Northern California healthcare workers vote to strike in October

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More than 500 healthcare workers at Sutter Delta Medical Center in Antioch, Calif., and John Muir Behavioral Health Center in Concord, Calif., have voted to strike in October, according to Sept. 14 hospital and union statements.

The workers, who are members of Service Employees International Union–United Healthcare West, cited inadequate staffing at the facilities, as well as difficult working conditions and unfair labor practices. 

"We're drowning. There's just not enough staff," Jennifer Stone, an emergency room technician at Sutter Delta Medical Center, said in the union news release. "We're wearing too many hats — we're talking down angry COVID patients, then we're rushing to a code, then we're talking to family members who just lost a loved one. We can't give adequate care. We're being neglected and left to fend for ourselves, and we can't do it all anymore." 

Workers say staffing issues existed before the COVID-19 pandemic, but the public health crisis has exacerbated an already strained infrastructure, according to the union.

"We're so short-staffed that someone’s being asked to work overtime after every single shift," Bertha Lopez, a unit secretary at John Muir Behavioral Health Center, said in the union news release. "We're burned out, we're exhausted, and we can't go on like this. John Muir needs to address the understaffing issues that have made working conditions impossible here."

Sutter Delta Medical Center, part of Sacramento, Calif.-based Sutter Health, expressed disappointment about the strike votes. 

Sutter Health spokesperson Marissa Currie stated: "We're pleased employees at seven SEIU-represented hospitals have all voted to ratify their contracts. Sutter values our employees and the tireless, compassionate care they provide our patients. We are disappointed that one hospital voted to reject the contract, but we look forward to returning to negotiations and bringing the contract at Sutter Delta Medical Center to resolution."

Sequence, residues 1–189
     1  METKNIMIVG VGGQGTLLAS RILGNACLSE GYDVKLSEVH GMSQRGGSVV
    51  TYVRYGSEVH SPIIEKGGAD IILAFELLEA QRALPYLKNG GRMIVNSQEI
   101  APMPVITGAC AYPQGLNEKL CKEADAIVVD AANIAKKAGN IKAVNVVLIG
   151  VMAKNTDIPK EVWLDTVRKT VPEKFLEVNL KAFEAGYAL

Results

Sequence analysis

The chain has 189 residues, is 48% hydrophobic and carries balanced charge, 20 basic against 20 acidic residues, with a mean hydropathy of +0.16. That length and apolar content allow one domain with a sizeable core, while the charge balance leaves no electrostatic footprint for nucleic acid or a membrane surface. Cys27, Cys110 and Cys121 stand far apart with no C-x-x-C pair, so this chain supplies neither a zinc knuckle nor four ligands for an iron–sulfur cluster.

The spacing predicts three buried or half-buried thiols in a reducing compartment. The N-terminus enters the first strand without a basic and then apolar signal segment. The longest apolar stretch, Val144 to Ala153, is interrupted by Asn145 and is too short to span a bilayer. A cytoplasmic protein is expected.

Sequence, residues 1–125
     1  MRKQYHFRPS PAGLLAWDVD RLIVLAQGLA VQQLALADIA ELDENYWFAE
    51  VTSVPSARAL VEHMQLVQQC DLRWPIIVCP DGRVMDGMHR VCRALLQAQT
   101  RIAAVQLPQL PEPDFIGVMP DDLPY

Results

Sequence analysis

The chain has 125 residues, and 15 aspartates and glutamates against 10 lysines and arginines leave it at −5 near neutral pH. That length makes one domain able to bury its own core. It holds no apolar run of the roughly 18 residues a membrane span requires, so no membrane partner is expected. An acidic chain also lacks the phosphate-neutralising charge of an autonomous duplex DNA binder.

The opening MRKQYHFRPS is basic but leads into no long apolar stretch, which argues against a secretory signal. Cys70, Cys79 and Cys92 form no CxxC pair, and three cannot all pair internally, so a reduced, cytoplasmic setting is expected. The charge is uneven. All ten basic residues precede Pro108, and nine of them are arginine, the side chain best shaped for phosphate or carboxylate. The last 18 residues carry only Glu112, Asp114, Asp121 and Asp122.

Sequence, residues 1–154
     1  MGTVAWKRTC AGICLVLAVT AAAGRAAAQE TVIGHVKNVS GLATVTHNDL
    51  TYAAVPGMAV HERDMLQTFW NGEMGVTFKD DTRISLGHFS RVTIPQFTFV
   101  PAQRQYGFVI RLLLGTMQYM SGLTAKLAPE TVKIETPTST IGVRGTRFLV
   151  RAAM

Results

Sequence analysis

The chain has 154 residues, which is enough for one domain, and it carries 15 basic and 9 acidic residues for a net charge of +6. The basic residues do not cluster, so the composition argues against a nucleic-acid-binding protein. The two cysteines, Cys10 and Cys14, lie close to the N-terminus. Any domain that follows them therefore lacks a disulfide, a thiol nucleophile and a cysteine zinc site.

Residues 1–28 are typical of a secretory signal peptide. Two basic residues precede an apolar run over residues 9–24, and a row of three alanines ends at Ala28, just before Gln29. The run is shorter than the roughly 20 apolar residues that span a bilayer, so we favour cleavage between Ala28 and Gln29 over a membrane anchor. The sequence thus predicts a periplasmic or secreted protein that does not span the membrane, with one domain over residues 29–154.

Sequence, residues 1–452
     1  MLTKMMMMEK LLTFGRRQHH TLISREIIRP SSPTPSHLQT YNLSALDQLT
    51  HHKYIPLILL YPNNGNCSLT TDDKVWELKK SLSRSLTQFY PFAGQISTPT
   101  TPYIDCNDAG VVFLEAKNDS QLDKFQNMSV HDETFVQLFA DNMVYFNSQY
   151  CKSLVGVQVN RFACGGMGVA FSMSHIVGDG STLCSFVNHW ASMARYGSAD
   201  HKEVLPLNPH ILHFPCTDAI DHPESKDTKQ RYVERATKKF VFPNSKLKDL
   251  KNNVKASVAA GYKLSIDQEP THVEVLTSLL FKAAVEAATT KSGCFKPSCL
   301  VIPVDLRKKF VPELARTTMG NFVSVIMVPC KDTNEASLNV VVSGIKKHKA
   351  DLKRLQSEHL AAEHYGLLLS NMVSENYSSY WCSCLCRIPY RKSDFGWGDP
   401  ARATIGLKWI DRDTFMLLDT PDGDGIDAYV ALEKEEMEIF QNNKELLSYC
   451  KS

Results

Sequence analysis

She said Sutter Health continues to bargain in good faith "to avoid a costly strike and remain focused on our shared commitment to patient care at a time when our communities need us most."

Ben Drew, a spokesperson for John Muir Health, which has held 12 negotiating sessions since mid-May to reach a contract agreement with the union representing workers at its behavioral health center, also expressed disappointment about the strike votes. 

"We are disappointed that SEIU-UHW leaders are now threatening a strike when we have reached agreement on a number of issues and are addressing the staffing concerns raised in their news release. Since June 2021, we have filled 18 positions and are in the process of hiring for 11 additional positions,"  Mr. Drew stated. 

He said the hospital has been reducing admissions "so that we always have adequate staff to care for our patients," and unionized workers "have been asked if they would volunteer for overtime shifts as we continue the hiring process, but it is never mandated."

"Unfortunately, SEIU-UHW's leaders' response to staffing concerns has been to encourage employees not to take overtime or open shifts. The union just completed a two-week labor action that caused us to further limit behavioral health admissions to children, adolescents and adults," Mr. Drew said.

The strike votes apply to workers at both hospitals including emergency room technicians, mental health counselors, respiratory therapists, environmental services technicians, phlebotomists, transporters, psychiatric technicians, licensed vocational nurses and unit secretaries. The strikes are set to take place in October unless agreements are reached.

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